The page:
ABOUT THIS BOOK
Indian literature is not a corpus of texts or literary concepts from India, argues Preetha Mani, but a provocation that seeks to resolve the relationship between language and literature, written in as well as against English. Examining canonical Hindi and Tamil short stories from the crucial decades surrounding decolonization, Mani contends that Indian literature must be understood as indeterminate, propositional, and reflective of changing dynamics between local, regional, national, and global readerships. In The Idea of Indian Literature, she explores the paradox that a single canon can be written in multiple languages, each with their own evolving relationships to one another and to English.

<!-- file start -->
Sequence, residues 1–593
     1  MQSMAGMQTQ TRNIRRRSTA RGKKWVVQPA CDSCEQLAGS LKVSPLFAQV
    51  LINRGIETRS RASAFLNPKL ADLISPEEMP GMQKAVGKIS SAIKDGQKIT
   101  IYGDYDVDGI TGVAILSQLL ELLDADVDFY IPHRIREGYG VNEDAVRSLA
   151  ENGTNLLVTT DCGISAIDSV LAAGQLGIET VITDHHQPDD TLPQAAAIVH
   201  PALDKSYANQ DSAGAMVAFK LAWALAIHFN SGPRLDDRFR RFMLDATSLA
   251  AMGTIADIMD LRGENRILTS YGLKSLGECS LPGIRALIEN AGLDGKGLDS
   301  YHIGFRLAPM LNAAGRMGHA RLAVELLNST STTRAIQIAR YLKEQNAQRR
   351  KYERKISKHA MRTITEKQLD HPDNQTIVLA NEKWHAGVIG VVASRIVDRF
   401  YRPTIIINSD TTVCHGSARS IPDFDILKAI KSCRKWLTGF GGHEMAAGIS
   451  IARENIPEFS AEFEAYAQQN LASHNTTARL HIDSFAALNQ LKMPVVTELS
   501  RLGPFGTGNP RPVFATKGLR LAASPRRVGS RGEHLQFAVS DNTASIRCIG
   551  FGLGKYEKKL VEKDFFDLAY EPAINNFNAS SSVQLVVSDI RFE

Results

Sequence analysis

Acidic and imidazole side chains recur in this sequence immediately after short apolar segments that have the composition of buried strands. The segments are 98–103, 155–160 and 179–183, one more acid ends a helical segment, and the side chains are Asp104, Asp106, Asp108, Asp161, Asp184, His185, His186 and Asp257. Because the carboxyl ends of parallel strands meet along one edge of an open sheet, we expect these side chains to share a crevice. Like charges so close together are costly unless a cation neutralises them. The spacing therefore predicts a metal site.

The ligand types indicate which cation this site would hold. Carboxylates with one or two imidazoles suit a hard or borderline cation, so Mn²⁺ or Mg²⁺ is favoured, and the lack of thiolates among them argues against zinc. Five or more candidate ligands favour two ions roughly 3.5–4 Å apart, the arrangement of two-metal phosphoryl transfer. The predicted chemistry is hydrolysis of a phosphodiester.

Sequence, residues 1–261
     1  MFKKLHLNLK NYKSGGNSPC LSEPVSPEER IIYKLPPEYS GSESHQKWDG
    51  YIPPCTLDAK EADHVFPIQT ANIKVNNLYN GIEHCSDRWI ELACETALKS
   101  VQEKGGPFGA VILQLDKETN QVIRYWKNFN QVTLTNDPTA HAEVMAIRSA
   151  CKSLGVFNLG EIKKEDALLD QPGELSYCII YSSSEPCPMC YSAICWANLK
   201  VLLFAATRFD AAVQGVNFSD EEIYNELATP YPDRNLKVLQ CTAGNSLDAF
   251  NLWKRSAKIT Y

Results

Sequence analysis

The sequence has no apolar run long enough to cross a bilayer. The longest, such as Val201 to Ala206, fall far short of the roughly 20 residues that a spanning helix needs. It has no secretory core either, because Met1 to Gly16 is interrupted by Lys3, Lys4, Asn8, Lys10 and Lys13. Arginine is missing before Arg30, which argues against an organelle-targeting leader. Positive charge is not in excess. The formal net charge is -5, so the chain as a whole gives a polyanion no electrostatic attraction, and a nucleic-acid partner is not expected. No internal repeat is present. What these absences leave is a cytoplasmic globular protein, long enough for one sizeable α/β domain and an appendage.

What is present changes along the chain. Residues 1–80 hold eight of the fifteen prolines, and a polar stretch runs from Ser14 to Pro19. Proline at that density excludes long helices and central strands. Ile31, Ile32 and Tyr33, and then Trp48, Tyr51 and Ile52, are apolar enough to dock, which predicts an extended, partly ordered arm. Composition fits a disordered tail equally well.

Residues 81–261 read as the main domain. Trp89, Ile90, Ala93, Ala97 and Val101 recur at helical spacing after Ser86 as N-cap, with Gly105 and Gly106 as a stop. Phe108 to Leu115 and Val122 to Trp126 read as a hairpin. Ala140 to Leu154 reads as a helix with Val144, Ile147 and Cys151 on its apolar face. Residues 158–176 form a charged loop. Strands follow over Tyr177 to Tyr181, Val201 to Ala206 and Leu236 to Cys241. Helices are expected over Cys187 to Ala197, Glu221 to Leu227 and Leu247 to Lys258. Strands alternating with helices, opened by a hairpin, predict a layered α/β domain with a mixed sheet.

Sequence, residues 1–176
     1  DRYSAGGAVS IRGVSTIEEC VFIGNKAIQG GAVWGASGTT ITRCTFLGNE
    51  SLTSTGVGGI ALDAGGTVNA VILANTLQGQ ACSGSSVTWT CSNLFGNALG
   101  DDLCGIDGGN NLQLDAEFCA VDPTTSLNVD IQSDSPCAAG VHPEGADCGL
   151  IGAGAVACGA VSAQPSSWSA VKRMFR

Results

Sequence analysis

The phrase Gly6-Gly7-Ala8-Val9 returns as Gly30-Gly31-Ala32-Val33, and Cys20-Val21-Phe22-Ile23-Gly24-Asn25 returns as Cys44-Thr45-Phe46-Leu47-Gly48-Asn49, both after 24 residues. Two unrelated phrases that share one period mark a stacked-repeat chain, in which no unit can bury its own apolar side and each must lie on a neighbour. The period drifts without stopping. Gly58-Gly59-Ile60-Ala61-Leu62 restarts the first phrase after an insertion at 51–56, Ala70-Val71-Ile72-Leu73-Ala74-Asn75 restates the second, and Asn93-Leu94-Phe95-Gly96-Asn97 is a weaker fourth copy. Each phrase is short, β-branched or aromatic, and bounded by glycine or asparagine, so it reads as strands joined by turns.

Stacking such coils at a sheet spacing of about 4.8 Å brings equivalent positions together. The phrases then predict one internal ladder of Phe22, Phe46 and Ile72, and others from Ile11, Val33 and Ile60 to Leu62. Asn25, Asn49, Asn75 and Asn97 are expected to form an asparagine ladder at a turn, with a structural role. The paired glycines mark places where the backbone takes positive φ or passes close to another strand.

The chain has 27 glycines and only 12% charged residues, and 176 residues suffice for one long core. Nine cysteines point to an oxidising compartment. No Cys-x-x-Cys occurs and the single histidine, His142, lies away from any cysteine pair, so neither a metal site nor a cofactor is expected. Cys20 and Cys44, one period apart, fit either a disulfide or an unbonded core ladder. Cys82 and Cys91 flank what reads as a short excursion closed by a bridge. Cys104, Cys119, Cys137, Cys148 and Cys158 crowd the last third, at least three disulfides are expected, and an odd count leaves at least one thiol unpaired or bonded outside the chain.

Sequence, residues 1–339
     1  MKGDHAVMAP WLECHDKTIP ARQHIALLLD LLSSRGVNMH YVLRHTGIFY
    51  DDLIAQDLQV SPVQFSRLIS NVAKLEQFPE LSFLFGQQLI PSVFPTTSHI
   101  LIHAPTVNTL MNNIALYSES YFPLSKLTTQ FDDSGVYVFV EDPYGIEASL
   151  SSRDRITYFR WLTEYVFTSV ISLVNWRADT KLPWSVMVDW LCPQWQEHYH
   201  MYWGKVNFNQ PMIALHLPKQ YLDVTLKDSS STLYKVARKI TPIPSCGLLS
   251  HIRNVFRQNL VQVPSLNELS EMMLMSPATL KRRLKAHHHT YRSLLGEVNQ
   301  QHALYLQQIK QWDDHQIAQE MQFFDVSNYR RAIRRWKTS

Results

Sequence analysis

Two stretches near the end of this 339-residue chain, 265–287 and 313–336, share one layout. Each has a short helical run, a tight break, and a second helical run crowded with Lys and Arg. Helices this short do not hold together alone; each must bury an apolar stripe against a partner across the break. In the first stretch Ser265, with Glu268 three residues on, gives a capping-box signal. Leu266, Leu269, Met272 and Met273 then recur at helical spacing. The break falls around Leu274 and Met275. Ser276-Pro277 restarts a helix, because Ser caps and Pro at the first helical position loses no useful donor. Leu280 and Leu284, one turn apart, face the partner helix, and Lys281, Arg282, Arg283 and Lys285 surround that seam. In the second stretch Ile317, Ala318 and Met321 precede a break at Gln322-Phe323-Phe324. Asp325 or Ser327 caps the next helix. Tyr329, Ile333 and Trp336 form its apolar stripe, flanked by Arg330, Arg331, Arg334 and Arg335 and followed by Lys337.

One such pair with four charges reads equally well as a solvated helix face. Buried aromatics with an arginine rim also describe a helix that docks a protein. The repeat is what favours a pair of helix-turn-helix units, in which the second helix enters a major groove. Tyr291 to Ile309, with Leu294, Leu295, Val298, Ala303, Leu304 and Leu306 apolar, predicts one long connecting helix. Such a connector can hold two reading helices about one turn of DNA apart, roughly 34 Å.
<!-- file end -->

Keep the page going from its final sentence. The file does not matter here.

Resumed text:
Hindi, representing national aspirations, and Tamil, epitomizing the secessionist propensities of the region, are conventionally viewed as poles of the multilingual continuum within Indian literature. Mani shows, however, that during the twentieth century, these literatures were coconstitutive of one another and of the idea of Indian literature itself. The writers discussed here—from short-story forefathers Premchand and Pudumaippittan to women trailblazers Mannu Bhandari and R. Chudamani—imagined a pan-Indian literature based on literary, rather than linguistic, norms, even as their aims were profoundly shaped by discussions of belonging unique to regional identity. Tracing representations of gender and the uses of genre in the shifting thematic and aesthetic practices of short vernacular prose writing, the book offers a view of the Indian literary landscape as itself a field for comparative literature.